It already feels like summer in the northeast even though we're two weeks away from it's official start. That means more outdoor fun time with our furry friends. It can also mean an increased chance of heat stroke. Even if you are comfortable, your dog may not be. Dogs overheat more quickly than humans do. They dont' sweat like we do. They cool their bodies by panting, or blowing out heat, which is much less effective than sweating. If the environment is too hot, panting becomes completely ineffective. Certain breeds are more susceptible to heat stroke - working breed dogs who may be used to vigourous exercise (retrievers, spaniels, etc.), overweight dogs, dogs with airway, heart or lung diseases, and dogs with shortened faces (pugs, bull dogs, shi tzus).
Do you know what to look for? Do you know what to do if this happens to your dog?
What to look for: heavy panting, glazed eyes, excessive thrist, lethargy, fever, dizziness, lack of coordination, profuse salivation, vomiting, a deep red or purple tongue, elevated heart rate, diarrhea, and unconsciousness.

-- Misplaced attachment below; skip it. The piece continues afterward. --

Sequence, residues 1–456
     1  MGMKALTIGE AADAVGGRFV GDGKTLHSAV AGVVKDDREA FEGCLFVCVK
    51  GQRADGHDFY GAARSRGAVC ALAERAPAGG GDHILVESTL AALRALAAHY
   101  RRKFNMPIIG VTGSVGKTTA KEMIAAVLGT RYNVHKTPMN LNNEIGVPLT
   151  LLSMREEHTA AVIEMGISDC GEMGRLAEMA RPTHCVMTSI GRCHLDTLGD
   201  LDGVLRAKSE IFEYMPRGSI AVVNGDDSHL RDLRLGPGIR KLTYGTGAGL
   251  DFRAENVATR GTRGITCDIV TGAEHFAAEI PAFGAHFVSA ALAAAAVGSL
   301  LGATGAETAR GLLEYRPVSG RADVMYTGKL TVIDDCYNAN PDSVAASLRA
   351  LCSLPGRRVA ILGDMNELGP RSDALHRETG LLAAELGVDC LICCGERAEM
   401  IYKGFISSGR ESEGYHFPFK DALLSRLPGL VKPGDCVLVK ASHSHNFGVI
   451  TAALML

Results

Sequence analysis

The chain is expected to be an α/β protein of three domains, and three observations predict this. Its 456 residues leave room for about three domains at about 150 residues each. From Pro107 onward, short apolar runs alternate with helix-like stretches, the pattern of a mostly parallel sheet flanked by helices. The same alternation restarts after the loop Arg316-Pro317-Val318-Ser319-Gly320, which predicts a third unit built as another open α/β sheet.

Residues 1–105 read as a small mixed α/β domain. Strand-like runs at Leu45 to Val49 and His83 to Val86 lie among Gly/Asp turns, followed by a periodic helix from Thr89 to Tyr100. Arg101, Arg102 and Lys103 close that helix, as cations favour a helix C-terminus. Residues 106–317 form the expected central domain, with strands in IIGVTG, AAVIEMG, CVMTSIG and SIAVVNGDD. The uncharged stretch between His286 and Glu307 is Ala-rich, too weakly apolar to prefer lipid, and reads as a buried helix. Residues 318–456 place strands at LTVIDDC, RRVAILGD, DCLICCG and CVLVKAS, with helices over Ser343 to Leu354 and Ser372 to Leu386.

What to do:
- Move your dog into the shade or an air-conditioned area.
- Apply ice packs, cold towels, bags of fozen vegetables (whatever you have) to their head, neck and chest area.
- Run cool (not cold) water over them if possible. The best thing is if you can get them into a bath tub and let it fill with cool water, making sure you keep their head elevated.
- Let them drink small amounts of water or lick ice cubes. Mixing a small amount of salt into the water will help to replace the minerals lost through panting.
- Massage their legs. This helps the dogs circulation and reduces the risk of shock.
- Call your veterinarian. It is likely they will recommend that you bring your dog in because heat stroke can cause internal issues such as shock, kidney failure, cardiac abnormalities, respiratory stress and blood clotting times.
Prevention is key (and easy)! Avoid exercise on extremely hot days. When you are outside, make sure your dog has access to shade and plenty of water. Clip heavy coated dogs. Use a wire crate instead of a plastic crate. Perhaps most imporant though is NEVER leave your dog in a parked car. Not even for a few minutes. This is the single most frequent cause of heat stroke in dogs. Did you know that on an 80 degree day, the temperature inside your car can reach 120 degrees in as little as 10 minutes?? We know how much our four legged friends love car rides, but it really is better to leave them at home on these warm summer (and spring and fall) days.
We hope this helps you have a safe and FUN summer! WOOF!
- Your friends at Hedgesville Hounds